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VA law prevents utility shutoffs in extreme circumstances; MI construction industry responds to a high number of worker suicides; 500,000 still without power or water in the Houston area; KY experts: Children, and babies at higher risk for heat illness.

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The House passes the SAVE Act, but fails to hold Attorney General Merrick Garland in inherent contempt of Congress, and a proposed federal budget could doom much-needed public services.

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Enticing remote workers to move is a new business strategy in rural America, Eastern Kentucky preservationists want to save the 20th century home of a trailblazing coal miner, and a rule change could help small meat and poultry growers and consumers.

Advocates ask to intervene in CA medical aid-in-dying case, request dismissal

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Monday, September 25, 2023   

California's medical aid-in-dying law is back in court. Three patients with disabilities and two doctors are asking to intervene in a lawsuit challenging the law - and they want the judge to dismiss the suit.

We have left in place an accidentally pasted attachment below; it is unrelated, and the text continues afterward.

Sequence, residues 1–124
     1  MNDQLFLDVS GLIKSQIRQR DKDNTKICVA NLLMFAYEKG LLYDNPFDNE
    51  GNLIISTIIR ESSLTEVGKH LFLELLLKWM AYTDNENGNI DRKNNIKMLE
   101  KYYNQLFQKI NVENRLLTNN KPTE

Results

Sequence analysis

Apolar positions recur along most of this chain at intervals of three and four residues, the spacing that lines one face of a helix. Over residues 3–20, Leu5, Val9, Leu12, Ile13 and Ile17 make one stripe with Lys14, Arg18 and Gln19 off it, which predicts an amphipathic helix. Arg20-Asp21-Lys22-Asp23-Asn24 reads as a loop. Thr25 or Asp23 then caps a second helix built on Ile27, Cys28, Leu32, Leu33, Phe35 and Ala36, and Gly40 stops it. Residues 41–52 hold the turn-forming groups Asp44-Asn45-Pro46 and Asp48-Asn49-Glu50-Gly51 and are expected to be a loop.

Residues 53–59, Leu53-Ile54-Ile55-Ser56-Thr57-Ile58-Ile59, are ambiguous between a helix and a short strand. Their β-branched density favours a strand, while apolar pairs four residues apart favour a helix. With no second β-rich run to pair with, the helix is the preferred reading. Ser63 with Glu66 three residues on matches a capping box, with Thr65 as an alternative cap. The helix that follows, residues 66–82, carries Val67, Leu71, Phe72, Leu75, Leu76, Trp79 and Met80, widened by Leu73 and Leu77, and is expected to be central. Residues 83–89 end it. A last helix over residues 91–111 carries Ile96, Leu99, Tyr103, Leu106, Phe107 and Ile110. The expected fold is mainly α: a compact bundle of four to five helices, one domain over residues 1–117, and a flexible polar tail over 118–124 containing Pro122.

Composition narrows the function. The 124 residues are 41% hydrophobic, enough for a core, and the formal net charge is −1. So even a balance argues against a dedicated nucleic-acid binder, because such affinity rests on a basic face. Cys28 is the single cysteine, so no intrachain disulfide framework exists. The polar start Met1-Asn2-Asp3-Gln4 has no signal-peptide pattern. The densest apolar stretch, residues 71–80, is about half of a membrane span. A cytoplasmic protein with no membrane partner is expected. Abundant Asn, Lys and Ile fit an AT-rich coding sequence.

In April, a coalition of disability rights groups and people with disabilities sued to stop the End of Life Option Act, claiming it is discriminatory and "coerces" people with disabilities into using medical aid in dying.

Jess Pezley is the senior staff attorney with Compassion & Choices, which supports the bill.

"It's not discriminatory to offer an additional end-of-life option," said Pezley. "And there's a lot of safeguards built in within the act to make sure that this law is not being used by people who do not want it. The only people who qualify for it are terminally ill with a prognosis of six months to live, and who have the capacity to make the decision."

California is one of ten states - plus Washington, D.C. - that allow doctors to prescribe medication that would allow mentally capable, terminally ill adults to peacefully end their suffering if they choose to take it.

Peter Sussman is a retired journalist and author from the Bay Area who said he lives with constant and disabling pain after a series of spinal surgeries. He said he supports medical aid in dying, and has joined the motion to intervene in the lawsuit.

"When my time comes and I am certified by doctors to be dying within six months, I do not want to die suffering needlessly," said Sussman. "The government shouldn't be able to tell me the manner of my own death."

The State of California, the defendant in the lawsuit, has also filed a motion to dismiss.

Earlier this year, the same judge dismissed a different challenge to the suit brought by the Christian Medical and Dental Association - after it reached a settlement with the state that said doctors who have a religious objection don't have to record a patient's request for medical aid in dying on their chart.



Disclosure: Compassion & Choices contributes to our fund for reporting on Civic Engagement, Health Issues, Senior Issues, Social Justice. If you would like to help support news in the public interest, click here.


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